Tuesday, Sep 29, 1981
South San Francisco, Calif. -- September 29, 1981 --Robert A. Swanson, President of Genentech, Inc., today confirmed reports that the company is beginning efficacy studies with human growth hormone in children with hypopituitarism.
Swanson said, "This is the second product developed by recombinant DNA technology to move into advanced human clinical study." The first, human insulin, was developed by Genentech and is being tested by Eli Lilly and Company.
The therapeutic benefits of human growth hormone (hGH) were established with a natural hormone substance derived from the pituitary glands of cadavers. Until now, however, insufficiency of supply has limited the number of children who could receive treatment. According to Swanson, genetic engineering will permit production of virtually unlimited quantities of the material. "Children will not be denied treatment because of lack of hormone," Swanson stated, "and medical researchers will be able to investigate the hormone's effectiveness in other types of disorders."
The advanced clinical testing will be conducted at ten medical centers throughout the country: National Institutes of Health, MD; St. Louis Children's Hospital, MO; Children's Hospital of Pittsburgh, PA; Yale University School of Medicine, CT; Stanford University School of Medicine, CA; University Hospital, Ann Arbor, MI; University of Virginia Medical Center, Charlottesville, VA; University of California, San Francisco; Baylor College of Medicine, Houston; University of North Carolina, Chapel Hill. The Chief Investigator is Dr. Selna Kaplan at UCSF, Professor of Pediatrics.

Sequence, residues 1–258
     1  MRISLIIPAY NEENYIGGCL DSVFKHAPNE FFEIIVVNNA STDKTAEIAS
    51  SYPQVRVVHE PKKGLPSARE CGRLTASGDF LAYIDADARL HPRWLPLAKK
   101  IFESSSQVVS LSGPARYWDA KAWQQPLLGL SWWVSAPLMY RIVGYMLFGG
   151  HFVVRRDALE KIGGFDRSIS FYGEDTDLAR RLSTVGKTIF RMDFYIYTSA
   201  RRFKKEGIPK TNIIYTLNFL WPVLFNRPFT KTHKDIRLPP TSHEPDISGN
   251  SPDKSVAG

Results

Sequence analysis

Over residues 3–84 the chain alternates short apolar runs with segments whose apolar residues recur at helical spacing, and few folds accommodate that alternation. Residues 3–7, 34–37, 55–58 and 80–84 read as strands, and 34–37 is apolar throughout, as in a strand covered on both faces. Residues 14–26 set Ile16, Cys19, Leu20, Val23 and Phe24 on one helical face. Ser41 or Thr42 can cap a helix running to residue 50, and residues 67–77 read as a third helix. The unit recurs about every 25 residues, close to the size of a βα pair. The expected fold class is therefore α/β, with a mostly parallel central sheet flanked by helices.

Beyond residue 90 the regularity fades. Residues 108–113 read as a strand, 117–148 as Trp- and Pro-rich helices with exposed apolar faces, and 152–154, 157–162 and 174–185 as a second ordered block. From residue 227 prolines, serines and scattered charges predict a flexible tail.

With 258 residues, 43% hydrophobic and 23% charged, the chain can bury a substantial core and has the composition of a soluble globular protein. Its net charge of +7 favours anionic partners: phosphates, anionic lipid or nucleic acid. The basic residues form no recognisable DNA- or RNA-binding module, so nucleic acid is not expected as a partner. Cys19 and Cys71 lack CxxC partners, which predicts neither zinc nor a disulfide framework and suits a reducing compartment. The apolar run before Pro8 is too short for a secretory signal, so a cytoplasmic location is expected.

Genentech is a leader in the application of recombinant DNA technology which involves genetically altering microorganisms to produce specific substances such as hGH. The company is developing products for the pharmaceutical, agricultural and industrial-chemical markets. Three of its health care products are in human clinical studies-- hGH, insulin and interferon (in collaboration with Hoffman-La Roche). Two products for agricultural use have been announced to date. The first, a vaccine against foot-and-mouth disease, developed in cooperation with International Minerals and Chemical Corporation, has already undergone preliminary animal testing. In addition, the company has used genetic engineering to produce bovine growth hormone working with Monsanto Company.
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